When outsiders look at the various new post-Soviet integration projects they often see an attempt by Russia to impose its will on its neighbors; in Hillary Clinton's formulation, a move to "re-Sovietize" the region. The U.S., by contrast, likes to say that its policy in the former Soviet space are directed at allowing those states to maintain their "sovereignty and independence."
But that has it backwards, Russia is increasingly arguing. In a piece published Wednesday in Rossiyskaya Gazeta, Russian Foreign Minister Sergey Lavrov argues that the Shanghai Cooperation Organization and other post-Soviet security blocs allow members "a choice of their own pattern of development" while NATO demands strict "bloc discipline" of its members.
That Lavrov wrote an op-ed praising the SCO is already interesting enough: Russia has not always been so enthusiastic about the organization, which tends to carry more of a Chinese influence (the other members are the smaller Central Asian states in between the two powers: Kazakhstan, Kyrgyzstan, Tajikistan, and Uzbekistan). But since the crisis in Ukraine resulted in a huge rupture between Russia and the West, Moscow has sought to revive its ties to China and as a result has become noticeably more enthusiastic about the SCO.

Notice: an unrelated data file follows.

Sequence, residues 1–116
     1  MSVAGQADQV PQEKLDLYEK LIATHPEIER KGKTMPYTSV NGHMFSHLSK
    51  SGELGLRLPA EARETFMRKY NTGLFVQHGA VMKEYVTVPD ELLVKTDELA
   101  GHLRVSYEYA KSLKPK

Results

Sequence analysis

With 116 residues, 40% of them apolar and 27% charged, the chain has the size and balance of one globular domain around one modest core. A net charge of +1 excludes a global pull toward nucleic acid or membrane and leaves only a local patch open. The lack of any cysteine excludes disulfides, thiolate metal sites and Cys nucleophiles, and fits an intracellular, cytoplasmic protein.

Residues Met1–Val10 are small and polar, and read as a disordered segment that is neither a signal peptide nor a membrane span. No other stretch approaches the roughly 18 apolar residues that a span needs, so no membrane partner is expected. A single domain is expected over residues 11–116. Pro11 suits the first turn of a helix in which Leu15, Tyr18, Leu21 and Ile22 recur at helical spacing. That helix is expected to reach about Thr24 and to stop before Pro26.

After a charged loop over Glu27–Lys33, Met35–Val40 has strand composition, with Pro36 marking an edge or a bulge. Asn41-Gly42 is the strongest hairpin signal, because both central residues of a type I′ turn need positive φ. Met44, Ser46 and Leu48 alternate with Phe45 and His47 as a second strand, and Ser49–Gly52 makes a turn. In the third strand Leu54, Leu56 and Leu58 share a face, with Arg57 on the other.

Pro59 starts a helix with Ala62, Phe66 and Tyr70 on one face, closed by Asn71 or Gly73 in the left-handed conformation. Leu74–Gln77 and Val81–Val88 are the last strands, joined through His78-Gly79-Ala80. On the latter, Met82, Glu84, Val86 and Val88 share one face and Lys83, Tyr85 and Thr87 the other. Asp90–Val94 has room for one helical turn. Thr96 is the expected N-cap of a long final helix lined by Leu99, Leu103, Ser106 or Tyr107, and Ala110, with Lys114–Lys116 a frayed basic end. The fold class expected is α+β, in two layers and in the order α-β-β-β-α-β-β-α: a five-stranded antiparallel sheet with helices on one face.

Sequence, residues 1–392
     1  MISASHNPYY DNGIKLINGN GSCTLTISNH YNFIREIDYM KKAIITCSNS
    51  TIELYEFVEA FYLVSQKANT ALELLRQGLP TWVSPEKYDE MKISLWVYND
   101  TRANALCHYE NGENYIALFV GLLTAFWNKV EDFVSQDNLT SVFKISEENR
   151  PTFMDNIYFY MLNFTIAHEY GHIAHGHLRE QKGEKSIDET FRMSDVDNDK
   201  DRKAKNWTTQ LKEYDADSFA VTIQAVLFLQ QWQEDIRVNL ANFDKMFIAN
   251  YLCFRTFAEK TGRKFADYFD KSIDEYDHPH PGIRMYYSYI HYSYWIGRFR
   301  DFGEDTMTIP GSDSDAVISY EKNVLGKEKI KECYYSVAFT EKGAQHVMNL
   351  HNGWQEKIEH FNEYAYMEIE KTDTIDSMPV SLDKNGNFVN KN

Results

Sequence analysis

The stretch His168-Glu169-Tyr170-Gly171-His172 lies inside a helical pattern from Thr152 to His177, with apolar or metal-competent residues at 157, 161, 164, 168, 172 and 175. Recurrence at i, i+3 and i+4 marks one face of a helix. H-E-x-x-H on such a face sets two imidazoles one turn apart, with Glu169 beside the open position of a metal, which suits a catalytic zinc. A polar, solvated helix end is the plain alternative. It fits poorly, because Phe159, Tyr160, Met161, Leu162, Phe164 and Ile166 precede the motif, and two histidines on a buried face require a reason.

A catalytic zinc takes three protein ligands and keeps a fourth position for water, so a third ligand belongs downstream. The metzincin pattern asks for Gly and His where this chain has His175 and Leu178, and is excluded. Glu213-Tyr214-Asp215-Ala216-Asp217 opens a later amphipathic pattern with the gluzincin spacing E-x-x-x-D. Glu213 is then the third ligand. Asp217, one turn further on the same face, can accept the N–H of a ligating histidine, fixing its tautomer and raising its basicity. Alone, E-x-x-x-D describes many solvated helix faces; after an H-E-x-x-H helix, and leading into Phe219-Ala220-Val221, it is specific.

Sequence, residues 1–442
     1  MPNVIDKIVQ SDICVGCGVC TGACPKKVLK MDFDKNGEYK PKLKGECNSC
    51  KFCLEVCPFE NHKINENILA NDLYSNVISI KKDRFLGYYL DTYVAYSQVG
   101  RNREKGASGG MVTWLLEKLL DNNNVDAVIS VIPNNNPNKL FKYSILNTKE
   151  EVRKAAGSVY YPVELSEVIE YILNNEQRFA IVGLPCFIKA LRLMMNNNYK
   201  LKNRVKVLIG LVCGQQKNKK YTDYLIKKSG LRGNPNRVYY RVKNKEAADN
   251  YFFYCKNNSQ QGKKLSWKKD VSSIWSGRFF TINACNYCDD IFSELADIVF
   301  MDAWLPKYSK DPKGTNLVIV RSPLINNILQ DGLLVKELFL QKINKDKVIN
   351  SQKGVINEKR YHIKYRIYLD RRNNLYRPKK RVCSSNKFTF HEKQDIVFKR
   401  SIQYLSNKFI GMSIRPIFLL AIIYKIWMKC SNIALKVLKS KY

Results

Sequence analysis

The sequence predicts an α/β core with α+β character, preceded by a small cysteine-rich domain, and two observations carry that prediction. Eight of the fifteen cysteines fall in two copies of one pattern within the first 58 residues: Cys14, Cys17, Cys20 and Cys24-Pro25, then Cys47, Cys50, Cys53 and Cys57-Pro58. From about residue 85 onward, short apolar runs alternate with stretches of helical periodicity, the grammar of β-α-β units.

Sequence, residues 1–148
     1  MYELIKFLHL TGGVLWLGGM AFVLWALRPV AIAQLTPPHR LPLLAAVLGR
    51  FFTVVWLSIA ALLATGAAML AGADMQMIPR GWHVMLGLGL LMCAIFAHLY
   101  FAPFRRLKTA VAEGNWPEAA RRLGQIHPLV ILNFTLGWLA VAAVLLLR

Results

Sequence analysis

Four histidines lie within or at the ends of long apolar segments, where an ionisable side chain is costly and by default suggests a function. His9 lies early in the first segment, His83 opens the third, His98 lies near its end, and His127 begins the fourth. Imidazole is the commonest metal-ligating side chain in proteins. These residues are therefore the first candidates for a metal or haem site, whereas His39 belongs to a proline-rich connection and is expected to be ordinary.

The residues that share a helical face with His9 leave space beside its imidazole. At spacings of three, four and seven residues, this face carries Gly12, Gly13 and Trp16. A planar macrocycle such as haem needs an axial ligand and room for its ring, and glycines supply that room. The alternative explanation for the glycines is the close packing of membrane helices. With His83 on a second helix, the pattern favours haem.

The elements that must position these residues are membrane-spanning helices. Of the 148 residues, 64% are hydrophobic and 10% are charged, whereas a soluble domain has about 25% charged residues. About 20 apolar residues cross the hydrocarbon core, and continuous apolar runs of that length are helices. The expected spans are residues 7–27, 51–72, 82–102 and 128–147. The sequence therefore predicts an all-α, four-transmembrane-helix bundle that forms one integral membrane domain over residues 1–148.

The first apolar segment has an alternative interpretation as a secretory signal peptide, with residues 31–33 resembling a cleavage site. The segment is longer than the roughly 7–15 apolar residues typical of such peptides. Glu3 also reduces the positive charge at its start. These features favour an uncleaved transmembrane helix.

But it's also interesting how Lavrov distinguished the SCO from other comparable blocs (he doesn't name NATO, but that is clearly what he means). The SCO is based on "the principles of equality, mutual respect, consideration for the interests of one another, a settlement of conflicts and disputes by political-diplomatic methods, and the recognition of the right of states to a choice of their own pattern of development," he writes. "This is why the SCO fully corresponds to the realities and requirements of the 21st century, unlike the archaic organizations inherited from the past era, based on a rigid bloc discipline."
This language of "rigid bloc discipline" has become a talking point of late; last month Lavrov used the same phrasing to differentiate NATO and the Collective Security Treaty Organization, as did CSTO General Secretary Nikolay Bordyuzha in June.
And Russian President Vladimir Putin made the same point more generally last fall: "The Eurasian Union is a project for maintaining the identity of nations in the historical Eurasian space in a new century and in a new world," he said. "We need to realise that there are probably countries and even entire regions that cannot function according to universal templates, reproducing the patterns of American or European democracy. Just try to understand that there is another society there and other traditions."
One could argue that this is making a virtue out of necessity, given the widely noted failure of CSTO and SCO members to support Russia's actions in Ukraine. And it's not clear how one would measure something like "rigidity of bloc discipline," but there are plenty of recent examples of schisms within NATO: the question of Georgian membership is one obvious current case. Lavrov, unfortunately, didn't specify exactly how and on what issues NATO enforces this discipline.
The CSTO, at least, hasn't always seen the "choice of their own pattern of development" as a positive thing; in 2011 it was discussing making member states adhere to common foreign policy positions.
Anyway, differences of opinion in the SCO seem bound to only grow. The group, which will hold its annual summit later this week in Dushanbe, is expected to agree on procedures for admitting new members, which a top Kremlin aide said could mean that India and Pakistan will join in 2015.